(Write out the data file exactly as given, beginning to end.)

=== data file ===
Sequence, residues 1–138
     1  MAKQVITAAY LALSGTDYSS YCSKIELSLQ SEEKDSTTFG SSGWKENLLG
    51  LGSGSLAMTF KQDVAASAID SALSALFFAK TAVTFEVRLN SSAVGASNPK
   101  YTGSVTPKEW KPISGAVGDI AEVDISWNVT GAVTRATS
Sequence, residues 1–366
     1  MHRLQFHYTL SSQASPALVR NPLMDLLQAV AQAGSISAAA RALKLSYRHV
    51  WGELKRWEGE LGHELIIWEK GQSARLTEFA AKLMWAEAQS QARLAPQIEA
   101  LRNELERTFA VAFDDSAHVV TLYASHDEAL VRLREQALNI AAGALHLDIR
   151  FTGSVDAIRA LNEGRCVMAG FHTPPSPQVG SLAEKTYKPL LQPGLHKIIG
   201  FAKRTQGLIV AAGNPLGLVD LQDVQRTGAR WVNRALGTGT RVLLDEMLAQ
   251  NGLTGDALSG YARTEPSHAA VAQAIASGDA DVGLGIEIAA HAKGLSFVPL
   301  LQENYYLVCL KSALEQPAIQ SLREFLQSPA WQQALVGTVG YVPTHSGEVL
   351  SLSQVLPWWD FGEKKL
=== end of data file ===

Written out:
Sequence, residues 1–138
     1  MAKQVITAAY LALSGTDYSS YCSKIELSLQ SEEKDSTTFG SSGWKENLLG
    51  LGSGSLAMTF KQDVAASAID SALSALFFAK TAVTFEVRLN SSAVGASNPK
   101  YTGSVTPKEW KPISGAVGDI AEVDISWNVT GAVTRATS
Sequence, residues 1–366
     1  MHRLQFHYTL SSQASPALVR NPLMDLLQAV AQAGSISAAA RALKLSYRHV
    51  WGELKRWEGE LGHELIIWEK GQSARLTEFA AKLMWAEAQS QARLAPQIEA
   101  LRNELERTFA VAFDDSAHVV TLYASHDEAL VRLREQALNI AAGALHLDIR
   151  FTGSVDAIRA LNEGRCVMAG FHTPPSPQVG SLAEKTYKPL LQPGLHKIIG
   201  FAKRTQGLIV AAGNPLGLVD LQDVQRTGAR WVNRALGTGT RVLLDEMLAQ
   251  NGLTGDALSG YARTEPSHAA VAQAIASGDA DVGLGIEIAA HAKGLSFVPL
   301  LQENYYLVCL KSALEQPAIQ SLREFLQSPA WQQALVGTVG YVPTHSGEVL
   351  SLSQVLPWWD FGEKKL